In China, such a type of ICMs was formulated at the Institute of Oceanology/Chinese Academy of Sciences (IOCAS) for ENSO-related modeling studies (denoted as the IOCAS ICM; Zhang and Gao, 2016). The IOCAS ICM is an anomaly model consisting of an intermediate ocean model (IOM) and a statistical model for atmospheric wind stress anomalies (Fig. 1). Its dynamic ocean component is an intermediate-complexity model developed by Keenlyside and Kleeman (2002) based on a baroclinic modal decomposition method in the vertical direction (McCreary, 1981). In contrast to the commonly used ZC87, this relatively newly developed ICM accounts for the spatially varying stratification and the realistic vertical structure of the upper ocean (e.g., ten vertical modes are included). In addition, nonlinear effects of the momentum equations for ocean currents are partially considered so that the zonal and meridional currents in the equatorial oceans can be more realistically depicted. An SST anomaly model is incorporated into the ocean dynamical model to represent the thermodynamic processes of the surface mixed layer. One striking feature of the IOCAS ICM is the way the temperature of subsurface water entrained into the mixed layer (Te) is parameterized. An optimized procedure is developed to depict Te using an inverse approach based on the SST anomaly equation of the ICM and its empirical relationship with SL variability (Zhang et al., 2005a). The ICM has been carefully tuned so that it can reproduce sustained ENSO, involving the interactions between the ocean and atmosphere in the tropical Pacific. The ICM has its big computational advantage relative to HCMs and CGCMs, and yet the performance of ENSO simulations is satisfactorily good (Fig. 2).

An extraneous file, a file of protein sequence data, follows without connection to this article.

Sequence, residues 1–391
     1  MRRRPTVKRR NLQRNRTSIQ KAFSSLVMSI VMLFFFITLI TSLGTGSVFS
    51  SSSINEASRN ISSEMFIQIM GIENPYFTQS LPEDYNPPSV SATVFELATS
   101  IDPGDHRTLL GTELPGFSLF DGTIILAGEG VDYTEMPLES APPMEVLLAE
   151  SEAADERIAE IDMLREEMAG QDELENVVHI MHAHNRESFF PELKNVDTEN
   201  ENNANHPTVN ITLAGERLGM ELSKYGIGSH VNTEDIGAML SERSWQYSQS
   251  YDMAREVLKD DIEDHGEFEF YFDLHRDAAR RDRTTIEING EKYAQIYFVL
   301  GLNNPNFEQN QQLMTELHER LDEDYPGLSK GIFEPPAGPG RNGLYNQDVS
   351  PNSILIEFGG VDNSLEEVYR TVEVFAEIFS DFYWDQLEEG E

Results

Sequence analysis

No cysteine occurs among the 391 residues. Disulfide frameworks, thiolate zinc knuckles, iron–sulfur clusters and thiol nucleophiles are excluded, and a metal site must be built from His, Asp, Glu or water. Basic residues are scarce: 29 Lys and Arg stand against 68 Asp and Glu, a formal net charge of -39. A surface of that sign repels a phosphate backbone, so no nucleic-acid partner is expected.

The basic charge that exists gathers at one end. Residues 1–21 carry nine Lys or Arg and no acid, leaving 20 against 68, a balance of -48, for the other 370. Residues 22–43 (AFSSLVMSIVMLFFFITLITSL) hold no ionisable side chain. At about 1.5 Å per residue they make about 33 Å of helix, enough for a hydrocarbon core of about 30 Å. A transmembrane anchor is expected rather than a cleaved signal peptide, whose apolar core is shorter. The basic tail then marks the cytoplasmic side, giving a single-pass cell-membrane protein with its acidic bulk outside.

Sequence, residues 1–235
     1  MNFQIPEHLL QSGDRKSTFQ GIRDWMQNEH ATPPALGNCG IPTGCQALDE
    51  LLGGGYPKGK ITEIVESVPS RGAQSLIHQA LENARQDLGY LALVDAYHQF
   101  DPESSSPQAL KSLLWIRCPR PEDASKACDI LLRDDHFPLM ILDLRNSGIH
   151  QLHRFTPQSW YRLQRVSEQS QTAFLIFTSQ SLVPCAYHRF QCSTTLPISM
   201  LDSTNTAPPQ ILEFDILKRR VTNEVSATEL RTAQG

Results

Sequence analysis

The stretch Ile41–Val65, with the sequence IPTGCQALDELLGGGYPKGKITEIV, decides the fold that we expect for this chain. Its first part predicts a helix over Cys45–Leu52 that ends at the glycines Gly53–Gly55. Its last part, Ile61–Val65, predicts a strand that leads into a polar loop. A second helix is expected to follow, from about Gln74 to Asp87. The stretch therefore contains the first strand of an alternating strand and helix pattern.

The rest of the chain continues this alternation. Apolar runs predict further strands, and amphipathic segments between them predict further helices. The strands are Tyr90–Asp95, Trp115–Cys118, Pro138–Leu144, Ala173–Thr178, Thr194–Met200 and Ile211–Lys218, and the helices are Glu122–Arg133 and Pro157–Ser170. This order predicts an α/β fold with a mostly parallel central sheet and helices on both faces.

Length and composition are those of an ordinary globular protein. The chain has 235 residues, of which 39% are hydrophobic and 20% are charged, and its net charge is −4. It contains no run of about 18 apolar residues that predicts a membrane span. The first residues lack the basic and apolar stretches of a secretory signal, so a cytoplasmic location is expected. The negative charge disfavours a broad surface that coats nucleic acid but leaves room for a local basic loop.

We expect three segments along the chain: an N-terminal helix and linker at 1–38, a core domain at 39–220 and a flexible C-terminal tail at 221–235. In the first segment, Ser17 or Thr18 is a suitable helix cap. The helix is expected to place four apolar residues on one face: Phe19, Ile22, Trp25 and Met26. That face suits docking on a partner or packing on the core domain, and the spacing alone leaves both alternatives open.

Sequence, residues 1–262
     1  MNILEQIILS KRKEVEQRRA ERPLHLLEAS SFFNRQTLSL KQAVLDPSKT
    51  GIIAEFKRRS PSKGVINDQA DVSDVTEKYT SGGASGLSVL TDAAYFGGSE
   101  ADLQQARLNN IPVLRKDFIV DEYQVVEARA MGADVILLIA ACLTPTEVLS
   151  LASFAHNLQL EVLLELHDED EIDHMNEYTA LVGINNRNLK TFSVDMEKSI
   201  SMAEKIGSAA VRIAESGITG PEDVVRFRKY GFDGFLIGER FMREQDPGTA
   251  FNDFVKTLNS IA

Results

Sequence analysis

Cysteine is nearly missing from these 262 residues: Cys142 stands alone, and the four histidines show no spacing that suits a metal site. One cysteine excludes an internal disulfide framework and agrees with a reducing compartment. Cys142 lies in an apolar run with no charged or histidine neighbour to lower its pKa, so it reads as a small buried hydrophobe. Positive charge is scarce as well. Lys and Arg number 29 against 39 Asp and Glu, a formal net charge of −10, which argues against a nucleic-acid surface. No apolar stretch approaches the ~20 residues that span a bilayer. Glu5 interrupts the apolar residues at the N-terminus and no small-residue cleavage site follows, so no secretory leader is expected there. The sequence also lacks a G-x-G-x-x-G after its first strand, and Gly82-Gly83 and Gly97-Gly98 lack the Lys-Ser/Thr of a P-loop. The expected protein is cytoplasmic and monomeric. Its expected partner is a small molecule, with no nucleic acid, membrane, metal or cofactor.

The IOCAS ICM has already been successfully used for ENSO simulations and predictions. For example, this model is one of the coupled models that made a good prediction of the cold SST conditions during 2010-2012 in the tropical Pacific (Zhang et al., 2013). After optimizing the model performance in terms of ENSO simulations and retrospective ENSO predictions (Gao et al., 2016; Zhang and Gao, 2016), the IOCAS ICM has been routinely used to predict the SST evolution in the tropical Pacific since August 2015 (for more detail, see https://iri.columbia.edu/our-expertise/climate/forecasts/enso/current/). A realtime ENSO prediction example is given in Fig. 3. Also, this ICM has been used for ENSO-related data assimilation and predictability studies (Zheng et al., 2006; Gao et al., 2016, 2018; Tao et al., 2018; Tao and Duan, 2019; Mu et al., 2019).